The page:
A collaborative partnership to address mass mortalities in oyster aquaculture through improved field monitoring, husbandry practices, and workforce development



Emily Carrington


As a collaborative partnership, our collective goal is to ensure the sustainable expansion of oyster aquaculture within Washington State by reducing the frequency and severity of mass mortality events that result from the interaction between OsHV-1 infection and extreme climate events such as marine and aerial heatwaves. The specific research and outreach objectives we will use to achieve this goal are:

Objective 1. Determine susceptibility of Washington shellfish farms to heatwaves. Air and water temperatures experienced by oysters during grow-out will be monitored at farms within the Salish Sea and Willapa Bay in collaboration with industry partners. Continuous monitoring of environmental conditions in combination with oyster mortality data will be used to generate a climate risk assessment model for commercial growing areas within Washington State.

Objective 2. Develop a commercially viable hatchery husbandry protocol that improves oyster heat tolerance. Oyster seed (“spat”) from OsHV-1 resistant families supplied by the USDA-ARS’ Pacific Shellfish Breeding Center (PSBC) will undergo sublethal exposure to simulated marine and aerial heat waves within a hatchery setting. The summer survival of stress-primed spat out-planted at farms with Puget Sound and Willapa Bay will inform the creation of a husbandry protocol that improves oyster climate resilience.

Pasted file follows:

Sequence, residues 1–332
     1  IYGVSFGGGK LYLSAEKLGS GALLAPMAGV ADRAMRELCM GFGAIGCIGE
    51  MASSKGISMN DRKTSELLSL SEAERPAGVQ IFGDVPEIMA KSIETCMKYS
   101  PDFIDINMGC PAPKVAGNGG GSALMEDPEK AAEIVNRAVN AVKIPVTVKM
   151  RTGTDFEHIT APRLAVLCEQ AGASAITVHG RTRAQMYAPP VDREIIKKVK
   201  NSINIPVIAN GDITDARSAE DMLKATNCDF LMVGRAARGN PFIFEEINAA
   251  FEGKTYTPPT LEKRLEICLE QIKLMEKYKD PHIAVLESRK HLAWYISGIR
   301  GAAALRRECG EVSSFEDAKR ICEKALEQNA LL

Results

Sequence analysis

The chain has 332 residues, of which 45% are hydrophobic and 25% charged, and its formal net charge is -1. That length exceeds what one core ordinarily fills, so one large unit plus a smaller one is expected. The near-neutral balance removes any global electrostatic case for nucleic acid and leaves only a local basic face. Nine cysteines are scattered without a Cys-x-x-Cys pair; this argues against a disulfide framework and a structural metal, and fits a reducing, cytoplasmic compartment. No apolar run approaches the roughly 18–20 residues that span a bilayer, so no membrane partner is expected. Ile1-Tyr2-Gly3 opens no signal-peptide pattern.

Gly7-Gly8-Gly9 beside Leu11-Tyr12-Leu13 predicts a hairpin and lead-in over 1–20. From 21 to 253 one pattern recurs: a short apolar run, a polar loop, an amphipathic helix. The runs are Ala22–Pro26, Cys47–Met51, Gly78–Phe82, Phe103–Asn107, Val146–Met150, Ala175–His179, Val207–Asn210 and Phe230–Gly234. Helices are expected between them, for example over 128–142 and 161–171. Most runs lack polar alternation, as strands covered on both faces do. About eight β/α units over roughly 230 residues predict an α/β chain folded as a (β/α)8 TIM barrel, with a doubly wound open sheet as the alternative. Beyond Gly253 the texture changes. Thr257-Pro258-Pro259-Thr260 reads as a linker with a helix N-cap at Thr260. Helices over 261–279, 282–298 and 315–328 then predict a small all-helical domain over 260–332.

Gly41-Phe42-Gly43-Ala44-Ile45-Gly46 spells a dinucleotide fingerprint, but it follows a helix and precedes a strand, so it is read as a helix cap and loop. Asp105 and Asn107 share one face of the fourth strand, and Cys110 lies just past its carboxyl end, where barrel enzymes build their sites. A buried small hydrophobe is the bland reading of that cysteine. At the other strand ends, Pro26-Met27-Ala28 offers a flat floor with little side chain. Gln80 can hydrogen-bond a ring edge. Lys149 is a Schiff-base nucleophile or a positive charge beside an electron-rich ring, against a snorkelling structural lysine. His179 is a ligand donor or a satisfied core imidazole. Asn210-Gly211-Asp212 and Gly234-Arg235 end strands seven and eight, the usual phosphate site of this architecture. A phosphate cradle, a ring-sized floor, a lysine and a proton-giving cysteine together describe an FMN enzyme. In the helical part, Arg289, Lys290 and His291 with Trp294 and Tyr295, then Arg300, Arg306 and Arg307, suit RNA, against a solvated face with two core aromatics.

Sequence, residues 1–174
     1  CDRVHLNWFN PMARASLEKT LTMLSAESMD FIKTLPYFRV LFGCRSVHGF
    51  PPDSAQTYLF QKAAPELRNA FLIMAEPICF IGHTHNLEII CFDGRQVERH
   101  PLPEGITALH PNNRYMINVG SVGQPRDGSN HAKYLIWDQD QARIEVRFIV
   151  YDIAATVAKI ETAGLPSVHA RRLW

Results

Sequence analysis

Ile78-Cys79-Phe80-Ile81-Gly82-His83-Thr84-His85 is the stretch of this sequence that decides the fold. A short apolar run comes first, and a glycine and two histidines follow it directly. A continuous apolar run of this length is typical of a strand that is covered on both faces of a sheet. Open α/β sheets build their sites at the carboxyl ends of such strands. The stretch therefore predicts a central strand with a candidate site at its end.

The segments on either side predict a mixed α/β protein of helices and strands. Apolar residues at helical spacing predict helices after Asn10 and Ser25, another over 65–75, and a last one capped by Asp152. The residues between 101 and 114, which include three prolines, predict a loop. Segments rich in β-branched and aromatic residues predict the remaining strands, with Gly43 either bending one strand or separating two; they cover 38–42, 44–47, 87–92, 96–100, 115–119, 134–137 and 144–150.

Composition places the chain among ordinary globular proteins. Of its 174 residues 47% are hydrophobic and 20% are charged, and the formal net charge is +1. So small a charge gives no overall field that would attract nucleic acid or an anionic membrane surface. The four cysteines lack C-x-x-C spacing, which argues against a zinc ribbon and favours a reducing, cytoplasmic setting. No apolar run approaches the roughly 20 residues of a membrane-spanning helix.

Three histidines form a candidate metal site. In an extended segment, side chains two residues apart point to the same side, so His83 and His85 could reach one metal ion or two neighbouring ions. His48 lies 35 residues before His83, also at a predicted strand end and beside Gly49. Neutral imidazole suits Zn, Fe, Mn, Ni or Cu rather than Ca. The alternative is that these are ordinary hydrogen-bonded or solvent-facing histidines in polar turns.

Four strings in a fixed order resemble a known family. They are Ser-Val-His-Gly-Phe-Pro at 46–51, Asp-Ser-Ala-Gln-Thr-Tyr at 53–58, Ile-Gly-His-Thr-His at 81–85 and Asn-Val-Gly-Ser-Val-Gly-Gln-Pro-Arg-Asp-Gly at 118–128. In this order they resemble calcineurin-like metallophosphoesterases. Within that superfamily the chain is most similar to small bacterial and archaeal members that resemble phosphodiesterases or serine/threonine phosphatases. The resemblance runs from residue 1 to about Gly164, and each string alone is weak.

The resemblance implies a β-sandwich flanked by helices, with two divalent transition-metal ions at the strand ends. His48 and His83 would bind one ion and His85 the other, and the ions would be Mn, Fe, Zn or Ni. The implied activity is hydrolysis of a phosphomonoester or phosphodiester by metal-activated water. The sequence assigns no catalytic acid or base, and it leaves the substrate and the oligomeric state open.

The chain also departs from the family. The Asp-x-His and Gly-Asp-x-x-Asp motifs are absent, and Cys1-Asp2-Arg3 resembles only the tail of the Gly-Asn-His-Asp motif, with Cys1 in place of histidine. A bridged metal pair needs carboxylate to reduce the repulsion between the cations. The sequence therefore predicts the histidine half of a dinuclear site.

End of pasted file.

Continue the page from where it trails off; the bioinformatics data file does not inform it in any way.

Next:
Objective 3. Develop an enhanced workforce training curriculum for shellfish industry technicians. To address the industry’s need for skilled technicians, students from Bellingham Technical College’s (BTC) Fisheries and Aquaculture Sciences Program will be integrated into research objectives; this collaboration will be used to generate an enhanced workforce training curriculum that uses OsHV-1 and heat waves as case studies. Students will also gain exposure to training opportunities by serving as hatchery technicians, summer interns at shellfish farms, and student ambassadors during regular partner meetings.

Data Availability




2/2024 – 1/2026